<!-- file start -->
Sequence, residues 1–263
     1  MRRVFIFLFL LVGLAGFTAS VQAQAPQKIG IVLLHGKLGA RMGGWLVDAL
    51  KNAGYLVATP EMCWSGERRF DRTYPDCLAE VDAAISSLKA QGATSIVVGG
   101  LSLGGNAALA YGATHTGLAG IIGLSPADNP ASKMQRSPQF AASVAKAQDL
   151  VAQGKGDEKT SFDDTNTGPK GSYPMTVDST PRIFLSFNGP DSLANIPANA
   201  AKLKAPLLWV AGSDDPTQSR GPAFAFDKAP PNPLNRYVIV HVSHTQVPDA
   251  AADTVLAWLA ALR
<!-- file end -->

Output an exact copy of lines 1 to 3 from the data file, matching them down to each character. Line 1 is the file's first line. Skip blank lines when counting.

Sequence, residues 1–263
     1  MRRVFIFLFL LVGLAGFTAS VQAQAPQKIG IVLLHGKLGA RMGGWLVDAL
    51  KNAGYLVATP EMCWSGERRF DRTYPDCLAE VDAAISSLKA QGATSIVVGG